July 26, 2013
Depression takes a toll on the people who have it and also on their employers, a new Gallup study showed. About 12 percent of U.S. workers, or 1 in 8, have been diagnosed with depression at some point in their lives, and that group, together, misses about 68 million more days of work each year than those without depression, according to Gallup. Additionally, the costs of that lost productivity come in at about $23 billion.
The collective effects of the disease are "tossing a lot of sand into the gears of the U.S. economy," Dan Witters, research director for the Gallup-Healthways Well-Being Index, told The Wall Street Journal.
For the study, researchers analyzed the data for the Well-Being Index taken between Jan. 2, 2011 and Dec. 30, 2012, Gallup noted. As part of this, they surveyed more than 237,000 full-time employees (those working 30 or more hours per week) and 66,010 part-time workers during that time. Findings revealed that full-time workers with a depression diagnosis were absent 8.7 days per year for health reasons whereas their part-time cohort missed 13.7 days. These numbers are more than double those of their peers without a depression diagnosis: full-time workers took off 4.3 days, part-time workers, 5 days.
"That can add up pretty significantly over time," Witters told WSJ. "Mental health is an issue that's very real and very significant inside of U.S. workplaces."
The data showed that about 12 percent of all workers indicate they have had a depression diagnosis at some point in time. About half of those -- 6.1 percent -- said they were currently being treated for depression. According to The Huffington Post, certain factors in the workplace can exacerbate mental health. Working long hours boosts the likelihood of depression, a recent study showed. As well, a Canadian study revealed last year that not being appreciated or rewarded on the job increased depression risk in women whereas job strain did in men, reported The Huffington Post.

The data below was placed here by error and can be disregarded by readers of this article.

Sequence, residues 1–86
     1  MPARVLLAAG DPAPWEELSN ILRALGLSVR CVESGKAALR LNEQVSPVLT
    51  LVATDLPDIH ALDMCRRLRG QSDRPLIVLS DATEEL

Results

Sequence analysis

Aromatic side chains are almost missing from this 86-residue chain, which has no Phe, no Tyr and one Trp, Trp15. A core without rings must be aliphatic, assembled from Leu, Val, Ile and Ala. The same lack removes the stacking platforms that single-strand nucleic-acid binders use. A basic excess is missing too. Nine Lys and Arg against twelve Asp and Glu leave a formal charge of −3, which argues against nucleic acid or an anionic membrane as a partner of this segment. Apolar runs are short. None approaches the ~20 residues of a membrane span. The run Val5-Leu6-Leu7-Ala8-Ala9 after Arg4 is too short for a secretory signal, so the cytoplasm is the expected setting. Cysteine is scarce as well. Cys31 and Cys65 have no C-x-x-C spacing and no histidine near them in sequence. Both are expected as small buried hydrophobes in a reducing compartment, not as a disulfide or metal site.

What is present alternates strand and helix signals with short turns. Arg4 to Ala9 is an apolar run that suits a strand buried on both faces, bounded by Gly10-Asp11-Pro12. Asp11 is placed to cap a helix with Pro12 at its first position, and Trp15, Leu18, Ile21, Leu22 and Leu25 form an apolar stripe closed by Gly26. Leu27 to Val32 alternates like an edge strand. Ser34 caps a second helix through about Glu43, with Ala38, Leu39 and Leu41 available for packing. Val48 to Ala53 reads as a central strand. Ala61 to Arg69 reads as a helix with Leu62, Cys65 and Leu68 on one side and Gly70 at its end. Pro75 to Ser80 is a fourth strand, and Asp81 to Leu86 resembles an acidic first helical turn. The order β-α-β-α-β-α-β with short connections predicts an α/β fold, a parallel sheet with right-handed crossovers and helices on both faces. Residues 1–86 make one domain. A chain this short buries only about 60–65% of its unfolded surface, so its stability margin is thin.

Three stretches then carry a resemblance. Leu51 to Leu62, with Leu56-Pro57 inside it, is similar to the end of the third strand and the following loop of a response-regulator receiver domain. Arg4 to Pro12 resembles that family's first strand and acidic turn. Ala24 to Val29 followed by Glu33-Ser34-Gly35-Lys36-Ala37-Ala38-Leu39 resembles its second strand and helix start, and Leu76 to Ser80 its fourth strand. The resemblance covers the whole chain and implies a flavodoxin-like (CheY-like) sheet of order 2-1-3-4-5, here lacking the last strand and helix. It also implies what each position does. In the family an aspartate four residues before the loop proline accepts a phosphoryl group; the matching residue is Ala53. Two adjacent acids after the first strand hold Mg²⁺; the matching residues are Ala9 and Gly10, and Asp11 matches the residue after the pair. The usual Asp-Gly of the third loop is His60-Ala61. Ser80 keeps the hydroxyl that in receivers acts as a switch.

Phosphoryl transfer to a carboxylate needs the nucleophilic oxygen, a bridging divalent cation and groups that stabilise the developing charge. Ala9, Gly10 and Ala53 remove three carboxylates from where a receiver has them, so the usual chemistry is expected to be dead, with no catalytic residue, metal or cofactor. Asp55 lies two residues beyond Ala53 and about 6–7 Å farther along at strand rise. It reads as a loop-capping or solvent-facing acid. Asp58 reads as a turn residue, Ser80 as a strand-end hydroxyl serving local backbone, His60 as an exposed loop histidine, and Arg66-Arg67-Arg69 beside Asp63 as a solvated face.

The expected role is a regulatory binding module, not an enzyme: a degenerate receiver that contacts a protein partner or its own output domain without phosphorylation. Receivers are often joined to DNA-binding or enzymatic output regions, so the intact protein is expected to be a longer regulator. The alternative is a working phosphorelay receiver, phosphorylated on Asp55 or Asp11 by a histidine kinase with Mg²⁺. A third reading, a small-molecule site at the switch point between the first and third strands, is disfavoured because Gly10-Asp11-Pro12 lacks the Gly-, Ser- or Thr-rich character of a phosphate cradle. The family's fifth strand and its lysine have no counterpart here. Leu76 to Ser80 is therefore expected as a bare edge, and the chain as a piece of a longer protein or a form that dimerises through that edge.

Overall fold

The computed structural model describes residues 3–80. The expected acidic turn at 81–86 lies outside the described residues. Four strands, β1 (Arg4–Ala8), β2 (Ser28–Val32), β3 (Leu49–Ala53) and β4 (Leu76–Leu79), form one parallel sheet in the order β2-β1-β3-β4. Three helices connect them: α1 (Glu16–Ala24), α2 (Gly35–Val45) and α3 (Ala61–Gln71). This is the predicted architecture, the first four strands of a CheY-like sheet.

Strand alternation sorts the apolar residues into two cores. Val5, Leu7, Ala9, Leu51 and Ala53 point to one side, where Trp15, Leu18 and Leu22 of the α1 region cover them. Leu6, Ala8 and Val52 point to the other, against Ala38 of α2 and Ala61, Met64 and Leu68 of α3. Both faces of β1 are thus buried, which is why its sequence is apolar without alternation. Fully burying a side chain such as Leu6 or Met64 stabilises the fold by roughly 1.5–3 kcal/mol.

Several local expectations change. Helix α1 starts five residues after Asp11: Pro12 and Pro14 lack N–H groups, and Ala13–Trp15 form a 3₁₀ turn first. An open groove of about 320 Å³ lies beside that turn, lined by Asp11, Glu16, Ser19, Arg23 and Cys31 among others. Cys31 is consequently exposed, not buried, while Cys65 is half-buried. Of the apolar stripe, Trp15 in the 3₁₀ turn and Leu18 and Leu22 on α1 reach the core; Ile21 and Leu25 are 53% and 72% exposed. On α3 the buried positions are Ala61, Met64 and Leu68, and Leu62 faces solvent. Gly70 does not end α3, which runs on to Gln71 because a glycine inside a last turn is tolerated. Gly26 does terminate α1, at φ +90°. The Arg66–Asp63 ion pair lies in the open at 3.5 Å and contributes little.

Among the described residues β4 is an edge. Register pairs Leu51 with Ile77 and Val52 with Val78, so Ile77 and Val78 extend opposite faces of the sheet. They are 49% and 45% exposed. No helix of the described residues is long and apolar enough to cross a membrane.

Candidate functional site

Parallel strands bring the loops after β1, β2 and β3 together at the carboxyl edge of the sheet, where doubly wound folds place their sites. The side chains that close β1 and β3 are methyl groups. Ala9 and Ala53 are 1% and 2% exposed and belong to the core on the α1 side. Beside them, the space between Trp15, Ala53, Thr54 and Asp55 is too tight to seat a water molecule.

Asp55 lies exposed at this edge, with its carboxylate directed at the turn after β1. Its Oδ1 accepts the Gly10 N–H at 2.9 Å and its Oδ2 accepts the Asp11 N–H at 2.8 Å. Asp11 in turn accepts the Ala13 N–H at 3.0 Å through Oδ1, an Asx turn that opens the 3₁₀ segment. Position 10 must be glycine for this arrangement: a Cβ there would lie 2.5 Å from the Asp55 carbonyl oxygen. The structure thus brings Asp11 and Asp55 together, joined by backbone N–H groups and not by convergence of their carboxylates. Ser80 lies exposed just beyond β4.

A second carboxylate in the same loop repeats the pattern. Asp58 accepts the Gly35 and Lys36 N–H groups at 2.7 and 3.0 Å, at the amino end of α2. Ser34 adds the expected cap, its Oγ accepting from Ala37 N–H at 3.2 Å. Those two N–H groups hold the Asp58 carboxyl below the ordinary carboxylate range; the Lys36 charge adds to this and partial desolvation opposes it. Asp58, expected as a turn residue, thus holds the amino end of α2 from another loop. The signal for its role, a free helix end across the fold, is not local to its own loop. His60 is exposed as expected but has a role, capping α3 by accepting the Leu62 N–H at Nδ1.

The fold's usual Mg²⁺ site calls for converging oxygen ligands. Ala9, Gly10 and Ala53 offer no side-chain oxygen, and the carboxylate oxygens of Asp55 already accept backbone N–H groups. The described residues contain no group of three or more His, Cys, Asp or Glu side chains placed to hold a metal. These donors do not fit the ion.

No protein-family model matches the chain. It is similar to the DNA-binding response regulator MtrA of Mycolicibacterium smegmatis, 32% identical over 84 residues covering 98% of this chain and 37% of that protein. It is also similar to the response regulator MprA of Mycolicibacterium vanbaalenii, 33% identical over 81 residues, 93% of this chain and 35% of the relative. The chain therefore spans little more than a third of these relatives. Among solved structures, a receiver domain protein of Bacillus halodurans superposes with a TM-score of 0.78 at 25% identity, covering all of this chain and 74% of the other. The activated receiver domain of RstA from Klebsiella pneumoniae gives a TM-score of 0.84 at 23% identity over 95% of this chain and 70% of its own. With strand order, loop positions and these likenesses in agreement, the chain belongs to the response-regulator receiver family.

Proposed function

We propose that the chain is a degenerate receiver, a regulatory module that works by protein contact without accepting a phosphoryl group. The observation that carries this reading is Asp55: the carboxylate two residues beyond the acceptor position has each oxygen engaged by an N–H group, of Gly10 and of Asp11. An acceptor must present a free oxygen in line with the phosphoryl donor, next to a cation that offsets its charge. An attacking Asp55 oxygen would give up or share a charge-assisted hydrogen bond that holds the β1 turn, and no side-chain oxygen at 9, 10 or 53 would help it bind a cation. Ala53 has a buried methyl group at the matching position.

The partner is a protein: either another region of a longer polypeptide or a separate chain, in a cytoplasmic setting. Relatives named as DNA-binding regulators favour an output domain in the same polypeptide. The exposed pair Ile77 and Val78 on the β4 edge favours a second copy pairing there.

The Americans with Disabilities Act mandates companies make "reasonable accommodation" for employees with disabilities, WSJ explained. For those with diagnosed depression, these modifications might include flexible work hours or regular therapy sessions. Depression-related absenteeism can cost companies in ways other than lost productivity, like health care utilization, workers' compensation and employee turnover, Gallup noted. The efforts employers are making to improve staff well-being may not be enough to impact these workers' "mental, psychological and emotional health," Gallup indicates.
Strategies that may be effective include providing resources for early diagnosis and treatment, working to remove the stigma around depression in the workplace and educating management about the illness. Engaging employees also goes a long way, as engaged workers, notes Gallup, tend to participate in wellness programs, have better moods on weekdays and feel less stress from long commutes.
Compiled by Doresa Banning
"Depression Costs U.S. Workplaces $23 Billion in Absenteeism," gallup.com, July 24, 2013, Dan Witters, Sangeeta Agrawal and Diana Liu
"Depression Doubles Missed Work Days," huffingtonpost.com, July 25, 2013, Megan Gannon
"The Cost of Depression on the Job: $23 Billion," stream.wsj.com, July 25, 2013, Rachel Feintzeig